Coming with Windows 10 are a lot of new features especially for XAML when creating a Universal Windows Platform application aka. UWP app. We can mention a few of them: new controls (as the RelativePanel, the SplitView and more); new tools for building responsive and adaptive UI (AdaptiveTrigger, Extension SDKs, etc.); and a new way to bind data to the UI, Compiled Binding.

This series on Compiled Binding will be composed of several parts:


{x:Bind} and events

As we’ve seen in the previous part « Part 1: Binding to data« , x:Bind is great when you want to bind various source of data to your UI. It does mostly the same things as classic binding but with better performance and compile-time checks.

x:Bind doesn’t stop here. It goes a step further than its cousin: it can also bind event handlers to events, regardless if it has been thought by the control’s author unlike {Binding}, which needs ICommand support to be built into the control.

All that in a natural way thanks to code generation introduced by compiled binding.

Before {x:Bind}

Before compiled binding, you had three ways to handle events in XAML.

1st Way: Register an event handler defined in your code behind directly to your control’s event in XAML. That’s the most common way of doing it as it’s how the XAML framework has been built.

<Button Click="CodeBehind_ButtonClicked" />


2nd Way: Use Command properties when available in conjunction with ICommand. This allows you to define your event handler outside the code-behind class, like in your ViewModel.

public class ViewModel
    private ICommand _clickCommand;
    public ICommand ClickCommand
        get { return (_clickCommand ?? _clickCommand = new RelayCommand<object>(this.OnButtonClicked)); }

    private void OnButtonClicked(object parameter) { ... }

Then in your XAML file, you just have to bind to it.

<Button Command="{Binding ClickCommand}" CommandParameter="HelloWorld" />

One limitation: the control must have built-in support for it. And well, apart from Button and its Command property, barely any other control have such thing.

For example, if you want to handle SelectionChanged of ListView, there isn’t any property allowing you to react to SelectionChanged event from your ViewModel without using the first way we saw.

3rd Way: Use Behavior to bind ICommand to any event.

        <i:EventTrigger EventName="SelectionChanged">
            <command:EventToCommand Command="{Binding SelectionChangedCommand}" />

To get around the previous limitation, Blend added an Interactions SDK that allows you, among other things, to create custom behaviors. These behaviors can be attached to controls, that way you can extend on the control’s behavior without having to create another control that inherits from the former.

You can create a behavior that subscribes to whatever event you need and let it call your ICommand, just like the Command property of Button does.

Behaviors with this purpose already exist in MVVM libraries such as EventToCommand from the well-known MVVMLight.

{x:Bind}, the Event Handler

Now in UWP apps, you have another way to do so: {x:Bind}.

Let’s say you have a ViewModel and you want to handle the SelectionChanged event of a ListView in a method named OnSelectionChanged, that is in your ViewModel.

public class MyPageViewModel
    public ObservableCollection<Book> Books { get; set; }

    public void OnSelectionChanged(object sender, SelectionChangedEventArgs args) { ... }

With {x:Bind}, all you have to do is just bind OnSelectionChanged of your ViewModel to the event you want to handle.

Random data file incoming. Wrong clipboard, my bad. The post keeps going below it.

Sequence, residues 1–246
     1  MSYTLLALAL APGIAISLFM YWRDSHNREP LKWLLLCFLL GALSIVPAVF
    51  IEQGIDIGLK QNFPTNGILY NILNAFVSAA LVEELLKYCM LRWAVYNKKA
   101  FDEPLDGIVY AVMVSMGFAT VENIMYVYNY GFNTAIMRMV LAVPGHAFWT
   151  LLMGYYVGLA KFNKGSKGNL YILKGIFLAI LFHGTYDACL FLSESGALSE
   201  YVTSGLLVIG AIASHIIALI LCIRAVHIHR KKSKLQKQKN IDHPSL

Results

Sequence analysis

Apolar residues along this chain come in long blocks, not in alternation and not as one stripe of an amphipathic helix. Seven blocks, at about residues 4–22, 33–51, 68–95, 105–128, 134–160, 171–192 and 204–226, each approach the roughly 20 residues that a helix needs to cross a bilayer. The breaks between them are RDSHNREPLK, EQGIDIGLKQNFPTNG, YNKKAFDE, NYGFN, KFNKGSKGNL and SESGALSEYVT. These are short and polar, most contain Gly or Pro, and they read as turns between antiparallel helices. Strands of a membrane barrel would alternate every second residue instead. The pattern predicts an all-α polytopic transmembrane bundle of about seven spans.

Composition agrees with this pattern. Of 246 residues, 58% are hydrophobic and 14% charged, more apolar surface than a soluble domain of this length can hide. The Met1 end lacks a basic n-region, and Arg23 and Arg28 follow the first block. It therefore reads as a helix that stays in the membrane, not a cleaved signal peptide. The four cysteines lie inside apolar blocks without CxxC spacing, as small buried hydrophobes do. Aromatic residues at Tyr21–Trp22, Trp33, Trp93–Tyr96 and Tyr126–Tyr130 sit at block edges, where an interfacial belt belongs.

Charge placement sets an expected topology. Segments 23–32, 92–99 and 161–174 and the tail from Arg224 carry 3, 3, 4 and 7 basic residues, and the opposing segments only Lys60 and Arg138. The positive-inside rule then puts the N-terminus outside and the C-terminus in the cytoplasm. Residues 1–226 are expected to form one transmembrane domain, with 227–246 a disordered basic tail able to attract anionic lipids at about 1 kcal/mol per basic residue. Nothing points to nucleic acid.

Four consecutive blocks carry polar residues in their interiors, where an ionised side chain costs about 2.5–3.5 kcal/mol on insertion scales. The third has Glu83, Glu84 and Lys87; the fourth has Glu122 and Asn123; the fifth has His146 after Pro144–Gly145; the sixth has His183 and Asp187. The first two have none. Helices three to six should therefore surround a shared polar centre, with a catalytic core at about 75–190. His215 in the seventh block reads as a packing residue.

<ListView ItemsSource="{x:Bind ViewModel.Books}" SelectionChanged="{x:Bind ViewModel.OnSelectionChanged}" />

There, you just bound yourself an event! It’s that easy.

As you can see, to hook up an event to a method, you just need to use the same markup extension like you would with data binding. Behind, the compiler will add the required logic to call your method when the event is raised.

But when doing so, the compiler expects that the method you try to bind is public and respects one of these conditions:

  • Have the exact event signature
  • Have the same event signature, but parameters can be of a more generic type (up to object)
  • Have no parameter at all

Let’s take a look at how to meet these conditions when binding to the Click event of a button.


<Button Click="{x:Bind OnButtonClicked}" />


// Exact event signature
public void OnButtonClicked(object sender, RoutedEventArgs args) { … }

// Same event signature, args' type is more generic (RoutedEventArgs --> EventArgs)
public void OnButtonClicked(object sender, EventArgs args) { … }

// Same event signature, args' type is now object
public void OnButtonClicked(object sender, object args) { … }

// No parameter
public void OnButtonClicked() { … }

Asynchronous methods are also supported, just set the « async » keyword on your method signature.

// Asynchronous event handler
public async void OnButtonClicked() { … }

Where can I put those methods, you may ask.

Well, you can put them in your code-behind class (this is x:Bind’s root context, remember?) or you can put them in your ViewModel! No need for ICommand nor EventToCommand behavior now. It just got a whole lot easier compared to what we were used to with classic binding, while using MVVM.

<!-- OnButtonClicked declared in code-behind (except when used in DataTemplate) -->
<Button Click="{x:Bind OnButtonClicked}" />

<!-- OnButtonClicked declared in the ViewModel -->
<Button Click="{x:Bind ViewModel.OnButtonClicked}" />

<!-- OnButtonClicked declared on a data model exposed by the ViewModel -->
<Button Click="{x:Bind ViewModel.LastReadBook.OnButtonClicked}" />


Moving on to the last part

We’ve seen pretty much everything x:Bind can offer, or have we?
There is one last neat feature that x:Bind brings: Incremental rendering in list controls.
To learn more about this, head to « Part 3: Incremental rendering with x:Phase« .